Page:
Think of SUP as a cross between surfing and kayaking. This fast-growing sport includes the use of arms and a paddle while kneeling or standing on a long paddleboard to move around in the water. SUP is a brilliant activity reaping rewards for the mind and body. Whilst it is a full-body workout requiring core strength and excellent balance, it’s also a test of mental endurance. Certainly, on her first try, your daughter may find herself having to get back onto the board several times!
Wakeboarding is the evolution of waterskiing. Rather than having the feet strapped onto skis, in wakeboarding, the rider is fastened to a board. They are then towed behind a motorboat and from there, ride the surface of the water. Wakeboarding is the ultimate adrenaline kick. With speeds of up to 30mph, your daughter can feel the wind in her hair and refresh her mind! Wakeboarding is also great for hand-eye coordination, reaction times and versatility, and strengthening arm and leg muscles.
Sometimes, your child might just be bored with the regular football/tennis/basketball options. If she wants to try something different, you could consider Gaelic football. This Irish sport is played with a round ball and both hands and feet are used to control and pass the ball. It’s fantastic for communication skills, teamwork and overall physical fitness. If your proudly-Irish daughter is a fan of this unusual game, get in touch with the Hong Kong Gaelic Athletic Association.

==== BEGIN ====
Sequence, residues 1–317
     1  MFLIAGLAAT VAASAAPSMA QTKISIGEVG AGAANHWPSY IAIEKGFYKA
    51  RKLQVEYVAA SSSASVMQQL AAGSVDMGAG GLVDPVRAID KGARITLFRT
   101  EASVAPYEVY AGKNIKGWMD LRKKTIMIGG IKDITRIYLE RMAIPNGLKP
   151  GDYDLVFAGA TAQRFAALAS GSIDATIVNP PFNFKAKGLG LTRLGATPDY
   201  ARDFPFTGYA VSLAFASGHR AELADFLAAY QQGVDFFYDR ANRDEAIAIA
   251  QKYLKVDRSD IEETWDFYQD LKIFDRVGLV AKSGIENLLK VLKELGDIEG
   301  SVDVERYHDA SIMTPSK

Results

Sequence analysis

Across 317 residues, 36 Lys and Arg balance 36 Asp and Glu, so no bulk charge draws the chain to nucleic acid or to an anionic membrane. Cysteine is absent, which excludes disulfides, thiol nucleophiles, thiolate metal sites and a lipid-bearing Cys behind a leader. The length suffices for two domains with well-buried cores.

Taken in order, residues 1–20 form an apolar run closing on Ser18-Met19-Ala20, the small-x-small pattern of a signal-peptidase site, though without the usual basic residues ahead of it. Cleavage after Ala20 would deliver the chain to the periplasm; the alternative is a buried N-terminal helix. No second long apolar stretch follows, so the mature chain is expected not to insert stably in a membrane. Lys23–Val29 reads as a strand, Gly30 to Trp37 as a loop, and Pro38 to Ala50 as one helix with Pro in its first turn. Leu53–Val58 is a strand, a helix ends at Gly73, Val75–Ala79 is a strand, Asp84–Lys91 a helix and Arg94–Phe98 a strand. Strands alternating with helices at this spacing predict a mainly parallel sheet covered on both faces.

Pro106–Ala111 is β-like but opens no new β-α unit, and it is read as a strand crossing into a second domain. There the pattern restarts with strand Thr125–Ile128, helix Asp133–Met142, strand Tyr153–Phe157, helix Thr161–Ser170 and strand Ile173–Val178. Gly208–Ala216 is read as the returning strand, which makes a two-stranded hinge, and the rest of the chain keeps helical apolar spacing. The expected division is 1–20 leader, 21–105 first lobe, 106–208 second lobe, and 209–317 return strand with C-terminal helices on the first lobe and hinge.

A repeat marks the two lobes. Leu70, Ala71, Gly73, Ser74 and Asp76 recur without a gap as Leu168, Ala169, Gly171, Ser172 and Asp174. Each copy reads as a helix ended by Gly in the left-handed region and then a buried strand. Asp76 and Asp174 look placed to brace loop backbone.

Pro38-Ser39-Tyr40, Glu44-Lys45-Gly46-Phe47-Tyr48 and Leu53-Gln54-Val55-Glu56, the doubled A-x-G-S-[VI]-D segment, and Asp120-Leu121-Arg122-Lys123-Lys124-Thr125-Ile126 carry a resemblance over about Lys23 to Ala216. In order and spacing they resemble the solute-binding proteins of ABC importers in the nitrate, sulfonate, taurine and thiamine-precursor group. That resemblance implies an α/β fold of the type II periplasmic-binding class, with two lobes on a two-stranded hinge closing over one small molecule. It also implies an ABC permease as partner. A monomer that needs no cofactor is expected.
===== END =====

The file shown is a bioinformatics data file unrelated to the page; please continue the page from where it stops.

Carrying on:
If she isn’t afraid of a few knocks and bruises, she could try lacrosse, another variant of hockey. The women’s version is not as rough as the men’s but it will be a high-intensity workout and will improve your daughter’s field strategy and vision. Sign her up for the Little League Lacrosse Course (5 to 12 years) at the Shek Tong Tsui Sports Centre.
Featured image courtesy of Getty Images, image 1 courtesy of Hong Kong School of Capoeira, image 2 courtesy of Mega Ice via Facebook, image 3 courtesy of Eugene Lim via Unsplash, image 4 courtesy of Espada Studio via Facebook, image 5 courtesy of SPRING via Facebook, image 6 courtesy of Jean van der Meulen via Pexels, image 7 courtesy of Jeffrey F Lin via Unsplash.